Letters to the editor: April 17, 2013

Local hunger seder’s call to action

Thanks to the Jewish Light for publishing the Op-Ed “An obligation to intervene on behalf of supplemental nutrition” (April 3 edition). The Jewish Community Relations Council of St. Louis (JCRC) and its Bohm Social Justice Initiative was honored to be one of the communities across the nation that organized a Hunger Seder as part of the JCPA/MAZON Mobilization. Our seder, co-sponsored by Saint Louis University and its Center for Service and Community Engagement, was held on the SLU campus on March 19. Those attending, over 75 strong,  heard about what different faith traditions say about the problem of hunger and  learned that one in six people in our country deal with the problem of food insecurity every day. Too many families in our community struggle to put food on the table.  The seder focused on the importance of working to make affordable, good quality nutritious food available to everyone.


An important component of the Saint Louis Hunger Seder was the “Call to Action.”  The Liebman/Gutow Op-Ed focused on the importance of protecting the Nutrition Program for Women, Infants &  Children (WIC).  At the JCRC-SLU Seder, participants signed  close to 100 postcards with personal messages urging adequate funding for WIC .  These postcards were delivered to the offices of Senators Claire McCaskill and Roy Blunt and other members of Congress.  It is imperative that our elected officials hear from constituents about the real life impact cuts to essential food and nutrition programs have on families and children.   

Renee Marver and Gail Wechsler, Chair of Community Against Poverty Coalition (coordinated by JCRC) and JCRC Director of Domestic Issues/Social Justice, respectively


Don’t promote the less-than-heroic Lindbergh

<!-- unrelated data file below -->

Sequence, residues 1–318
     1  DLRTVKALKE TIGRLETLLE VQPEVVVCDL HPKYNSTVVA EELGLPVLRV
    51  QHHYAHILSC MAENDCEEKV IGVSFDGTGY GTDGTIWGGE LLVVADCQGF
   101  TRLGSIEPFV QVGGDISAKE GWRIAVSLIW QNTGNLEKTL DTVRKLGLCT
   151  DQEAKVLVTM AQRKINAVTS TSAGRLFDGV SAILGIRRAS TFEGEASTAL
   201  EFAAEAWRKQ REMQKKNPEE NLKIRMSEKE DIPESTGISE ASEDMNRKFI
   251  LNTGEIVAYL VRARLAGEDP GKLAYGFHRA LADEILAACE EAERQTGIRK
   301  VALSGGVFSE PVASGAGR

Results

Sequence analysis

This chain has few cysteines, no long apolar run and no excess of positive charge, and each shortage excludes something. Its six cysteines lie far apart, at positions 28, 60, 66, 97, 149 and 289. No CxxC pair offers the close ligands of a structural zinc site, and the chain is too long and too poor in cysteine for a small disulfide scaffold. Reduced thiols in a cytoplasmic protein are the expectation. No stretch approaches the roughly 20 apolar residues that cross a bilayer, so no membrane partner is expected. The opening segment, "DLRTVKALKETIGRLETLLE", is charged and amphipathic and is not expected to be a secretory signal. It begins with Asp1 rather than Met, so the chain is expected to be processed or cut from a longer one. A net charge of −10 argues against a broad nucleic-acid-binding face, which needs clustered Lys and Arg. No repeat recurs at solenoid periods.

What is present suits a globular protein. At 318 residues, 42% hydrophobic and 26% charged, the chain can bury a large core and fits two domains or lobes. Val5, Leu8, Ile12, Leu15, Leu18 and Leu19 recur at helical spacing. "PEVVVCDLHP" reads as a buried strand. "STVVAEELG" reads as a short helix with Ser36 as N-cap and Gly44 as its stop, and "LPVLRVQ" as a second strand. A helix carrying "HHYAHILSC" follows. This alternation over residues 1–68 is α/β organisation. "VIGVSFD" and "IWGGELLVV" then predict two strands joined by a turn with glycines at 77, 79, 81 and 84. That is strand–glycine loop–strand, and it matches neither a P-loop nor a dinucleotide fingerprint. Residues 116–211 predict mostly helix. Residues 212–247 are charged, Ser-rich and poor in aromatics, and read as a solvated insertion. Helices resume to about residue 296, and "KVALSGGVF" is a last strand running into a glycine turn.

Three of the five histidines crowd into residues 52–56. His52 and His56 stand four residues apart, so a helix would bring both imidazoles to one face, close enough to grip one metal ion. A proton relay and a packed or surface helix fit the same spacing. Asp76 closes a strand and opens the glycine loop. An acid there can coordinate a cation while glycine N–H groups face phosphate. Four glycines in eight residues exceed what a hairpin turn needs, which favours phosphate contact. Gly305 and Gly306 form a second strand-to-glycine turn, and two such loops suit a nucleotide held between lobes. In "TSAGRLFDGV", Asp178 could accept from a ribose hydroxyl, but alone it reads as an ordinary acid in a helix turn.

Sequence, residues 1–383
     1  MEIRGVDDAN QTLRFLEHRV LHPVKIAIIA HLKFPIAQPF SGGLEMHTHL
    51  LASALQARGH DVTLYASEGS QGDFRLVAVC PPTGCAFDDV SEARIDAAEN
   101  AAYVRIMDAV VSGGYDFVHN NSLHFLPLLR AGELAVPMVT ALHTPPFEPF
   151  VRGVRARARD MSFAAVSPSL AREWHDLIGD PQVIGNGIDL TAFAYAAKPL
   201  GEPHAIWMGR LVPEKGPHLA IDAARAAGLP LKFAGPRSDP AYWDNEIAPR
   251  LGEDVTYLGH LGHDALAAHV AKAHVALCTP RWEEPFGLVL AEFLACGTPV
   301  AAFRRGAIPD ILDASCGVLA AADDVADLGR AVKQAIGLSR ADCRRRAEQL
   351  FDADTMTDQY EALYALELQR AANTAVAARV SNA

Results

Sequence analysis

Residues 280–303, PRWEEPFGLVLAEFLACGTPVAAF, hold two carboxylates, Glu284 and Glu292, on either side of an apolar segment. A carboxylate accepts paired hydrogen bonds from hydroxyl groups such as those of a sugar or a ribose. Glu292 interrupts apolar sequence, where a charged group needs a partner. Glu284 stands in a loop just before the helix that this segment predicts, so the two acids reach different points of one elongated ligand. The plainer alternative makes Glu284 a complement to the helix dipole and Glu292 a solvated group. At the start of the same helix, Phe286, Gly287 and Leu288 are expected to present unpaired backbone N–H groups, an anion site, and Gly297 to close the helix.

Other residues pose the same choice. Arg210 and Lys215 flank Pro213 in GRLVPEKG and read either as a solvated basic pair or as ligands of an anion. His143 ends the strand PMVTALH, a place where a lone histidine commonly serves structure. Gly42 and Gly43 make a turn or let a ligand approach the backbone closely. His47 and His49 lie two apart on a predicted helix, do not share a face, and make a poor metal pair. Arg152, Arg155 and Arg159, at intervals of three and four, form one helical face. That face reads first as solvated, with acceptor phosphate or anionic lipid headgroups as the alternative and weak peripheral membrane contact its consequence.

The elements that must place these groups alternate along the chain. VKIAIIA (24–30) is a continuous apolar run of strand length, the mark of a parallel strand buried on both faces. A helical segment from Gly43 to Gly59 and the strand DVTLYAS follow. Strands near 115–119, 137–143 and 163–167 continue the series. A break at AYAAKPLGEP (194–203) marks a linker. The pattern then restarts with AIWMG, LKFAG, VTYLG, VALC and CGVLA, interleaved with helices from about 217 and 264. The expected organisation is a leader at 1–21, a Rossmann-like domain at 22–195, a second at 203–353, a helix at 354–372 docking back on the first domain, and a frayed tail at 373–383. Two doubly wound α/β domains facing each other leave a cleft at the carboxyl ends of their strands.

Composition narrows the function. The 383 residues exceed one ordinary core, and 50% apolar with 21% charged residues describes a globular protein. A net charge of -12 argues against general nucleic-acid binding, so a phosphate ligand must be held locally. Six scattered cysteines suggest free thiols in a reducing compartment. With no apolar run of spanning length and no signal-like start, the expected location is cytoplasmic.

I am totally shocked and disappointed in an announcement in the March 27 “Kibitzing with Caplan” column, which highlights the “Remember Lindy Squared” effort asking for $25 donations to sponsor a 12-by-12-inch square of a recreation of the Lindy Squared mural featuring a portrait of Charles A. Lindbergh. The column encouraged readers to join the Lindy Squared project by publishing their website.

Did no one on the Light’s staff consider that this might be a little offensive to the Jewish community because Lindbergh is widely believed to have been a Nazi sympathizer? 

Read Lindbergh’s statements as spokesman of the America First Committee (read his speeches on the PBS website for the ‘American Experience’ program, which featured an in-depth look at Lindbergh: http://goo.gl/xyjTq) or read further about Lindbergh’s beliefs elsewhere and you will quickly discover how he knocked himself off the hero pedestal with his words and actions before and during World War II. 

With many, many good organizations we can certainly give $25 to, does the Jewish Light really need to promote someone who was a proponent of eugenics and racial purity and expressed pro-Nazi sympathies? I think not.

Scott Schwartz, Chesterfield